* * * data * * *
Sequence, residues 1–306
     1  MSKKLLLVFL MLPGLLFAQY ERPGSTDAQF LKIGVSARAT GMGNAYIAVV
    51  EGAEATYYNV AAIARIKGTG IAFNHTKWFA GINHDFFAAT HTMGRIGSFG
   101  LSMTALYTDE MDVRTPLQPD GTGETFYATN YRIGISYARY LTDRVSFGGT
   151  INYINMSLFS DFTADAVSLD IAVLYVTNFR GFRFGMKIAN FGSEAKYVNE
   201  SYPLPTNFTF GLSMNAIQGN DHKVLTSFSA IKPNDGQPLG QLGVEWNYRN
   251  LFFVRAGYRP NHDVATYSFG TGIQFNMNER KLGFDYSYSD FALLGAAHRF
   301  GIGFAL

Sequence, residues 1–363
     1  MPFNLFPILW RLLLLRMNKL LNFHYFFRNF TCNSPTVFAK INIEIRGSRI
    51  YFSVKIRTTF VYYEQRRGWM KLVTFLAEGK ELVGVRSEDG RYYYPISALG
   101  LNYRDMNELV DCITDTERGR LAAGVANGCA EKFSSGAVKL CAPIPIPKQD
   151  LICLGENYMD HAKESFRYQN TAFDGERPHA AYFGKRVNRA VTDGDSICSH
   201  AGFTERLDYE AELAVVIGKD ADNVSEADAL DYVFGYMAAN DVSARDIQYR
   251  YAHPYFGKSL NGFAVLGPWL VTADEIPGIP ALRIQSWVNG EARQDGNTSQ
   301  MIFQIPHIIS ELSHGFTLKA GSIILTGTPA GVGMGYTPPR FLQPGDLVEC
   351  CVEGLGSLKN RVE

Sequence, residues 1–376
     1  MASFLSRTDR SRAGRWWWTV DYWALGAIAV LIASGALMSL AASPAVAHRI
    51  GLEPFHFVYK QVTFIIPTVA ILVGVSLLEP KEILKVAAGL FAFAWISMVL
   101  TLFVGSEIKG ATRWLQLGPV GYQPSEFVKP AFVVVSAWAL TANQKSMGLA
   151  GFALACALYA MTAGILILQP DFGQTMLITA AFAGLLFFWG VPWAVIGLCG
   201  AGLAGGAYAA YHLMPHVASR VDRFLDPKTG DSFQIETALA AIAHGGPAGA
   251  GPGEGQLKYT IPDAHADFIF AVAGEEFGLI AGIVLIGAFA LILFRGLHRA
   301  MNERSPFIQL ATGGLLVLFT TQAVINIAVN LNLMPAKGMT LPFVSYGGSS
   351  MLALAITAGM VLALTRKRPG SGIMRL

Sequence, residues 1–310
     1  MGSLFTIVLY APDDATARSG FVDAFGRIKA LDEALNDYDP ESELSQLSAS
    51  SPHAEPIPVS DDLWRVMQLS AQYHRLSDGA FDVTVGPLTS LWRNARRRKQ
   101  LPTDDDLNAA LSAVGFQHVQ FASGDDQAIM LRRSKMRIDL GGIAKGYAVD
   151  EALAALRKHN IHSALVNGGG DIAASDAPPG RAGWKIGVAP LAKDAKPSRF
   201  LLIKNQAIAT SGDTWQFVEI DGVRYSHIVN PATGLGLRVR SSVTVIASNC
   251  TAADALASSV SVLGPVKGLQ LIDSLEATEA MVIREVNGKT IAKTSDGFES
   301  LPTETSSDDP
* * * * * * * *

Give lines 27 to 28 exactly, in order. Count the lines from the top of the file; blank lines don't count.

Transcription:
Sequence, residues 1–310
     1  MGSLFTIVLY APDDATARSG FVDAFGRIKA LDEALNDYDP ESELSQLSAS